If you’re looking for cutting-edge work in photography and video art, the International Center of Photography (ICP) is the place to go. Their fourth Triennial, A Different Kind of Order, opened on Friday and it showcases work by some of the best and brightest contemporary artists. The curators, Kristen Lubben, Christopher Phillips, Carol Squiers, and Joanna Lehan, took digital modes of creation as a given and set out to create a show that would push the boundaries of photography to see how far it can go.
Some of the work leans toward conceptual art, and the “photographer” is not always the one taking the photographs. Some of the most interesting and provocative work uses found images. Right at the entrance, Belgian artist Mishka Henner has images from Google Maps blown up and framed. What at first seems to be the artist’s abstractions in the middle of the images were actually placed there by Google Maps in order to camouflage military bases and other top-secret areas. When the camouflage started drawing more attention to these places than they wanted, Google Maps ceased to use it, so you won’t see these kinds of images anymore. Henner did not create anything but rather used these found images as a concept piece, and their placement at the forefront of the show makes a loud statement about the curators’ definition of contemporary photography.
Another artist who pushes the boundaries of digital work is LA-based artist Andrea Longacre-White, who has two large black and white images of iPads on the wall immediately as you go downstairs. The images are slightly off-kilter and imperfect but attention-grabbing. Longacre-White actually took photographs of ICP’s interior, emailed the jpegs to herself, opened them on an iPad and placed it face-down on a flat-bed scanner. In the process, the iPad confused the heat from the scanner as a touch command and began shifting to another page. The result is a blurred image that seems to be commenting on the way different forms of technology interact with each other.
Perhaps the artist who presented the most thought-provoking intersection between photography and conceptual art is A.K. Burns, whose video installation Touch Parade occupies an important place near Longacre-White’s iPad images. Just as Henner used found images, so did Burns, who recreated obscure fetish videos found on YouTube. Far from S&M and other overtly sexual fetishes, these videos seem odd but innocuous, and so go undetected by YouTube’s censors. On one screen, the artist puts on white Keds and crushes carrots and cucumbers underfoot. In another, she wades knee-deep into a mud-hole wearing thigh-high rubber boots. And a highly specialized fetish has the artist driving a stick-shift car barefoot. Burns frequently explores themes of sexuality and sexual identity in her work, though, ironically, you would never know that there is a sexual undertone to these videos just by looking at them. Burns’s installation is surprising and thrilling, as it seems totally bland until you learn the story behind it.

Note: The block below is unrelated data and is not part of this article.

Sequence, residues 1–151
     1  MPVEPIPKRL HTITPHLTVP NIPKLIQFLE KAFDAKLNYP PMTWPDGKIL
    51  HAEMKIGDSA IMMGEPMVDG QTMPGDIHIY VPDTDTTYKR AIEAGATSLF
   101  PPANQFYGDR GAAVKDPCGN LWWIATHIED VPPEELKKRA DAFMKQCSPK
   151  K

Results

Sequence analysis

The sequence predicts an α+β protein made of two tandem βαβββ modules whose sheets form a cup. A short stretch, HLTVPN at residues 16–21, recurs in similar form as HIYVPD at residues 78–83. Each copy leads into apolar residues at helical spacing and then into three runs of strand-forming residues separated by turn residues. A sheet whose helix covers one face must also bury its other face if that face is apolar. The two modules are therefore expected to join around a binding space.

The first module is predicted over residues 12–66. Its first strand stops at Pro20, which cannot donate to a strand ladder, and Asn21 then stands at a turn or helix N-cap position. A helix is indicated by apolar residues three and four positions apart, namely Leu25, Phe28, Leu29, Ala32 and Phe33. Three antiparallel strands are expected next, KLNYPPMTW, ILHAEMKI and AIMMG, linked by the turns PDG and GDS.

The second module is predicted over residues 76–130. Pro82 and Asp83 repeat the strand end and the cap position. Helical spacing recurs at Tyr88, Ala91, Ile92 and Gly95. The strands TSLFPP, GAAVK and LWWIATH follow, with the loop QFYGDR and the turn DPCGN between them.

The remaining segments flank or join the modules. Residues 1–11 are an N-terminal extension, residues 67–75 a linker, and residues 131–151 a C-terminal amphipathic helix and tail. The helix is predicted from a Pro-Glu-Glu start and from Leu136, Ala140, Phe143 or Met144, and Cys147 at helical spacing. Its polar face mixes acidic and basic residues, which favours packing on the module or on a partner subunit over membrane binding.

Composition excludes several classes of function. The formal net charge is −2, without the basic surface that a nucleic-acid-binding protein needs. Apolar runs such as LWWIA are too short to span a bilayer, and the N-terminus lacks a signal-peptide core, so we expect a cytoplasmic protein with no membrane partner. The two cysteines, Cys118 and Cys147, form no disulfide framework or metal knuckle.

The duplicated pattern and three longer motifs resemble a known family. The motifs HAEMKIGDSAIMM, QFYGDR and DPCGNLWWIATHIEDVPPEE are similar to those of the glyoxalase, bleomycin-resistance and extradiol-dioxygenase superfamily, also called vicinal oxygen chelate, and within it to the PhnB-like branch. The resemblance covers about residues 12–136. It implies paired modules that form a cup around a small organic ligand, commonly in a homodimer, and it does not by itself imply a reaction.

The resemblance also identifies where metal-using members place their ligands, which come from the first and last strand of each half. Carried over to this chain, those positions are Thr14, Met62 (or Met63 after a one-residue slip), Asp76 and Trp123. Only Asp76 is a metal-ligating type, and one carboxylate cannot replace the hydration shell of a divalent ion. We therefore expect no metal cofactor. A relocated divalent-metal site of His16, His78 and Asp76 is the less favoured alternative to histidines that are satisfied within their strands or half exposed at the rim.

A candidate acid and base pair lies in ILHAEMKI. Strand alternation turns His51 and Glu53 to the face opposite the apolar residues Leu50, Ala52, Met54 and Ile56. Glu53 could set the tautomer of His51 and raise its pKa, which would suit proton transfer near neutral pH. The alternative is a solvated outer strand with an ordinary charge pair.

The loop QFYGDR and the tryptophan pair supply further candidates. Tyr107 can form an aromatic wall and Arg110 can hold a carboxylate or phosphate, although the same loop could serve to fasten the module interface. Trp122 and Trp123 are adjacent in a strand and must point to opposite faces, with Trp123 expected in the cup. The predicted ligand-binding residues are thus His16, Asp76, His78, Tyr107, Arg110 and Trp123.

Tokyo-based artist Sohei Nishino defies the rules and expectations of photography in a different way. Since 2004, he has been making large scale Diorama Maps. Simply put, Nishino’s Diorama Maps are visually stunning. From far away, you see a cohesive photographic map of a city—New York City and Jerusalem are shown at ICP, though he has done several more. Close-up, you realize that the maps are created from thousands of prints that have been cut up and reassembled. Nishino typically spends a month in a city, walking its streets and photographing its landmarks on a 35mm film camera. He then prints contact sheets from the negatives, cuts out each image and rearranges them by hand. Not only is the process unusual, but the goal is not the typical photographer’s goal of documenting a place. Nishino does not present a geographically accurate map or an objective representation of the city. Rather, he creates a collage that conveys his impressions of the place and what makes it tick.
A few more artists worth mentioning are Gideon Mendel, Patrick Waterhouse & Mikhael Subotzky, Thomas Hirschhorn, and Nayland Blake. Mendel’s photo-journalistic images from the series Drowning World are striking both as portraits and as documentation of the problem of floods in African and Southeast Asia, where people don’t have the resources to clean up and rebuild their homes.
British artist Patrick Waterhouse and South African photographer Mikhael Subotzky teamed up to do a photographic investigation of Ponte City, Johannesburg’s 54 story apartment tower that became a symbol of post-apartheid struggles. Waterhouse and Subotzky’s three enormous lightboxes show every internal door, window and TV in the tower, providing a close-up view of the lives of Ponte City’s inhabitants.
Swiss artist Thomas Hirschhorn, whose monumental installation Concordia, Concordia made a splash at Gladstone Gallery in Chelsea last fall, makes a bold statement about the suppression of gruesome photos by the news media. In a small room all the way in the back, Hirschhorn’s five-minute video installation shows a hand scrolling through gory photographs of the casualties of war and political turmoil on an iPad. Every now and then, the hand pauses to enlarge a particular detail, forcing viewers to see it rather than look away, as the media does. Hirschhorn will be speaking in the ICP lecture series on May 29.
Finally, Nayland Blake curated images from ICP’s archives and organized his work around the theme of gay identity in 1970s New York, a time before iPhones and Tumblr, when young people were defining themselves by the action on the streets.
All in all, the ICP Triennial, A Different Kind of Order, is an exciting compilation of many different modes of photographic creation. It will be on view until September 8, 2013 and will host a lecture series and other events during the summer. Get in touch with the author @lauraitzkowitz.